The UK Government has snubbed a meeting with the team behind a carbon capture project that promises to deliver thousands of north-east jobs.
In a letter seen by The Press and Journal, the Treasury declined a cross-party offer to discuss the proposals, which includes the Acorn Project in Aberdeenshire.
The project team had asked north-east MPs to push for a meeting with Chancellor Nadhim Zahawi earlier this summer.
David Duguid, Tory MP for Banff and Buchan, wrote to Mr Zahawi on July 26 on behalf of the group of MPs, asking him to meet with “key representatives” of the project.
But in a response sent four weeks later on August 31, Treasury minister Alan Mak said the government was “not in a position to offer a meeting with representatives of the Acorn project at this stage”.
Second snub for project
Richard Thomson, SNP MP for Gordon, described the decision to decline the meeting as a “thoroughly dismal and inadequate outcome”.
He said it must be “reversed at the “earliest opportunity”.
It is the second snub for the Scottish Cluster – as the project is known – after the UK Government chose to reject the bid during the first round of funding earlier this year.
Mr Thomson added: “After so many let-downs by the UK Government over carbon capture in the north-east, this apparent lack of willingness by UK ministers to engage with MPs – even apparently those from their own party – is deeply concerning.
“There’s no transition to net zero without the north-east, and the Acorn project is a crucial piece in that jigsaw.”
Mr Duguid hit back at the SNP who he claimed had “reverted to type, despite being given the opportunity to help in a positive way”.
He added: “They would rather foster a false, negative narrative about Acorn and UK Government support, which doesn’t reflect the cluster’s Track 1 reserve status, the £41 million funding it has received from Westminster, or the project’s own ambitions to keep going.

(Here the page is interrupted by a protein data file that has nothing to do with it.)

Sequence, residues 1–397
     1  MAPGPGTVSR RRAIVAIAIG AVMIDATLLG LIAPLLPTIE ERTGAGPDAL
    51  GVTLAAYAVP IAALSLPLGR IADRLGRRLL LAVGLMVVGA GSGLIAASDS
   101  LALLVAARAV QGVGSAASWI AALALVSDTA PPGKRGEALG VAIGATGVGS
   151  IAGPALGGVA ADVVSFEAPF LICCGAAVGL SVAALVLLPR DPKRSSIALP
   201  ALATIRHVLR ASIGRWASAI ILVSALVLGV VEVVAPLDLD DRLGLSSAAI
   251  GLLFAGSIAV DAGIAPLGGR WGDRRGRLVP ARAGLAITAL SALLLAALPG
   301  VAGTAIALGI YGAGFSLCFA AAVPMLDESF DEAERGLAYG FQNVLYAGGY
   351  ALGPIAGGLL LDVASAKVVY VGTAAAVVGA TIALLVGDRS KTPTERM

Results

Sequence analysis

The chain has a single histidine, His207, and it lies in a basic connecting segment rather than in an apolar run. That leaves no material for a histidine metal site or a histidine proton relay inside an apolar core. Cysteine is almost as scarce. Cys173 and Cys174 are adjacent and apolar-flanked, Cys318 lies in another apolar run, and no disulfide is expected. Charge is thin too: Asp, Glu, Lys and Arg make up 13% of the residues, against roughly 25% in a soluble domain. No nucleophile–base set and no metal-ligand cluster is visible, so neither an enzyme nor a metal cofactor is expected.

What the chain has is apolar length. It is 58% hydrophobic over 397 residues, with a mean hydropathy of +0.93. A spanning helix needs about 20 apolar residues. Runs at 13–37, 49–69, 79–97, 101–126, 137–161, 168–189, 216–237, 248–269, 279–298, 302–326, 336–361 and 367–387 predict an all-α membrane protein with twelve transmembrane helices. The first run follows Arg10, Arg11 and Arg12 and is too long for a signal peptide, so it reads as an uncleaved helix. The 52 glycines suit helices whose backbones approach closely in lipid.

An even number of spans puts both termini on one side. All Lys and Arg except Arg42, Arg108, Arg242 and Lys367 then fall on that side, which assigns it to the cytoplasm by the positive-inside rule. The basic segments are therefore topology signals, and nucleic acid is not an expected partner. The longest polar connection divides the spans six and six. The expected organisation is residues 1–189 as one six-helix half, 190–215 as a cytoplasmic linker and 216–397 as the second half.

“I have been engaging with UK ministers around this project since the beginning and will continue to do so — in spite of the SNP’s apparent attitude against the project.
“I have also engaged actively with both party leadership candidates on this and will raise again with the new Chancellor.”
The heart of the cluster is known as Acorn, which takes in key facilities across the north-east including the port and the St Fergus gas terminal in Peterhead, as well as former oil and gas pipelines in the North Sea.
Carbon capture and storage involves trapping emissions and transporting them, either by pipeline or shipping, for permanent storage underground.
A report published earlier this summer said the technology can deliver a huge economic boost, and create or secure thousands of green jobs across the north and north-east.
The developers of the project say they hope the scheme can be operational by 2027 but they still await further news on essential government funding.
The scheme – currently on the reserve list – is understood to be a top choice for the upcoming “track 2 process” but key backers are concerned that any delays will set the sector back considerably.
‘Government has engaged’
Asked for a response, a UK Treasury spokesman pointed to remarks made by Mr Mak in his letter to north-east MPs.
The junior minister said: “The government has engaged with the cluster since the announcement and throughout phase-2 of the sequencing process to help it to continue its development and planning.
“The cluster has been allocated over £40m in development funding by the government in recent years.
“We want to make sure the cluster can get maximum value from this support going forward.
“We remain committed to industrial decarbonisation across all nations and regions of the UK as we work toward net zero and are clear that carbon capture usage and storage will continue to play a key role in this process.”
A spokesman for Acorn said the team is “thankful for the invaluable cross-party support” it receives from north-east MPs.
He added: “The Scottish Cluster is key to achieving Scotland’s net zero targets and is ready to be one of the four UK CCUS clusters deployed by 2030.
“It can deliver about a quarter of the UK Government’s 2030 CO2 capture target and remains Scotland’s only viable solution for industrial decarbonisation.
“The projects in the Scottish Cluster present a huge opportunity for a new, green, industrial revolution and we hope that the new Chancellor will reaffirm the government’s commitment to achieving CCS in Scotland at the earliest opportunity.”